United States Information Service (India) Indira Gandhi and Jacqueline Kennedy in New Delhi, March 14, 1962.
Foreign Affairs From The Anthology: India at 70
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India and the World

This year India celebrates the twenty-fifth anniversary of her independence. These have been years of change and turmoil everywhere. Deep surging forces have torn asunder our past colonial feudal structures and have combined with the tides sweeping the world to give our post- independence evolution its unique qualities. But our own unvarying concerns have been two: to safeguard our independence and to overcome the blight of poverty.

Many crises and dangers from within and without have obstructed our path but we have taken them in our stride. Contrary to predictions, the country has not broken into warring states, We have not succumbed to civil anarchy. There has been no widespread starvation; on the contrary, we have become self-sufficient in cereals. We have not jettisoned our free institutions, but instead gained greater political cohesion and economic strength. This does not justify complacency but it does give us confidence that the Indian people can rise to whatever challenge the future may hold. Under Mahatma Gandhi's inspiration, Prime Minister Jawaharlal Nehru and the Congress movement formulated a set of principles which have served as our guidelines and which are still valid for us. These are democracy, socialism and secularism so far as our internal affairs are concerned, and nonalignment in our external relations. One or the other of these principles has been the subject of criticism within the country and abroad. But generally speaking, internally there is a more mature awareness of the forces and compulsions of our age, and these principles have come to form the essential elements of a national program accepted by virtually all sections of our people, even though there are differences of interpretation and regarding tactics. The massive majority with which the Congress Party was returned to power in the fifth general election in 1971 and in the state elections in 1972 is an indication of this.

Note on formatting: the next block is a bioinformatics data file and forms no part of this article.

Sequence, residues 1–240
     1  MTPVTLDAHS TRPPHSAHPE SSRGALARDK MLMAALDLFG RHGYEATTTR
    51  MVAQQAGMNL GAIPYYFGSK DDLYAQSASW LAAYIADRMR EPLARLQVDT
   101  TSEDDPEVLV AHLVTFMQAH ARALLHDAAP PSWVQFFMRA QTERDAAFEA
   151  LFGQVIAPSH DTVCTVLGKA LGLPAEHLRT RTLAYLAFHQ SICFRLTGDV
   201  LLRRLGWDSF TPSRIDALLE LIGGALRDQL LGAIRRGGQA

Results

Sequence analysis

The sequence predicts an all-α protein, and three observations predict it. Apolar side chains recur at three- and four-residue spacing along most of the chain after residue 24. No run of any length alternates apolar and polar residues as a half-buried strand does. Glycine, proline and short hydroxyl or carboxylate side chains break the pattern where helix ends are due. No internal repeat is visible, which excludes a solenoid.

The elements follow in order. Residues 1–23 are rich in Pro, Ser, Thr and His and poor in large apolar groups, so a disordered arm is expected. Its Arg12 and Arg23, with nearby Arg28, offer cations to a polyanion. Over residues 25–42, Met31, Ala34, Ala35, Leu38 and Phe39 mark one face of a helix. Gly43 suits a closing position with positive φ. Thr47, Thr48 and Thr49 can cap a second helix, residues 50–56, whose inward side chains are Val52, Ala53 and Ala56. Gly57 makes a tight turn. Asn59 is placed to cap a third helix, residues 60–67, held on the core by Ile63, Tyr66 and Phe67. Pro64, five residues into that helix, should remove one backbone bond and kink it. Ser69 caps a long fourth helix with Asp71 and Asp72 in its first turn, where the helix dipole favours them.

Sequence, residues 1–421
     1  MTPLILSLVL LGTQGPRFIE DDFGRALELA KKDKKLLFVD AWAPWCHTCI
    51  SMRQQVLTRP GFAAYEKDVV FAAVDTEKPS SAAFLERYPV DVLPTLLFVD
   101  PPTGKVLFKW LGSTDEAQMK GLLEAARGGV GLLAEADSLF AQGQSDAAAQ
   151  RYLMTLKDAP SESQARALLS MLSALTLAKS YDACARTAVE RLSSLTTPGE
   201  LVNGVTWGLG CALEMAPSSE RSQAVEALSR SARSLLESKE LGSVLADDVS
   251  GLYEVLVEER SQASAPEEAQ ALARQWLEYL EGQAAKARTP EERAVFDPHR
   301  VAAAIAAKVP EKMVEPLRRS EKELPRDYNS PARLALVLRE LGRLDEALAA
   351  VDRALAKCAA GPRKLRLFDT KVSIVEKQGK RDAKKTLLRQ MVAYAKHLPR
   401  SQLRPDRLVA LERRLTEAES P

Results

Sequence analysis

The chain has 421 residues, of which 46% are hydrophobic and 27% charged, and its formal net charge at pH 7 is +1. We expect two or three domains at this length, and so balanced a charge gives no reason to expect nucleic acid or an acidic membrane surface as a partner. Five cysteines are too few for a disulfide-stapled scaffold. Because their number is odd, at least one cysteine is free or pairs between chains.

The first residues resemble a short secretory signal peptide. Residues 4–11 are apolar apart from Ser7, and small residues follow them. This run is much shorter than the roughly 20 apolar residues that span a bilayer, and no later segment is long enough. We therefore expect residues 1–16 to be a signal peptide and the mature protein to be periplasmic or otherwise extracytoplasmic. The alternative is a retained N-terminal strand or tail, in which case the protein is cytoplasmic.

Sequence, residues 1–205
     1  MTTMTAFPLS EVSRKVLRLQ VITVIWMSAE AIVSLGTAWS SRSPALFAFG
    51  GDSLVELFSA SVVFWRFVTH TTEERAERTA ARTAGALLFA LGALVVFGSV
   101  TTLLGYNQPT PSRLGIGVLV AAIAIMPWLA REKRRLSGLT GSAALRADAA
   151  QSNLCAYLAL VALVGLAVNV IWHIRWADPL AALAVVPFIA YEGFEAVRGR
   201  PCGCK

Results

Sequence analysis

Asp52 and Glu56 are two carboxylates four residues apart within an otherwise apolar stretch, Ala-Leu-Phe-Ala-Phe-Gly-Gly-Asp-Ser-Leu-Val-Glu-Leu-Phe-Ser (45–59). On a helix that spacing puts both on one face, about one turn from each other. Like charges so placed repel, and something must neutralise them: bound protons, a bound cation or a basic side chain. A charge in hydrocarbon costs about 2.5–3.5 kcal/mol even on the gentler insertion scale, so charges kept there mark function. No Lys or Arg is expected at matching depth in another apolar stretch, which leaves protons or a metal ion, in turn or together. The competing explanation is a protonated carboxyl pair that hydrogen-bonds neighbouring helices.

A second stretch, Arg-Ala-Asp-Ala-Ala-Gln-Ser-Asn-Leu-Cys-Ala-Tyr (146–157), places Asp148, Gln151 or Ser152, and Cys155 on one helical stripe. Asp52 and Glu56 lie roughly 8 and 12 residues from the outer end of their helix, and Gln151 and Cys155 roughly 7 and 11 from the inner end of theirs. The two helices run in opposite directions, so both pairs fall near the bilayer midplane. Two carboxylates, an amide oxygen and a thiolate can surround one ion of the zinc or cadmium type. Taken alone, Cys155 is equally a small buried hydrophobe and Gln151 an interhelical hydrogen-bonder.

What holds people together is not religion, not race, not language, not even a commitment to an economic system. It is shared experience and

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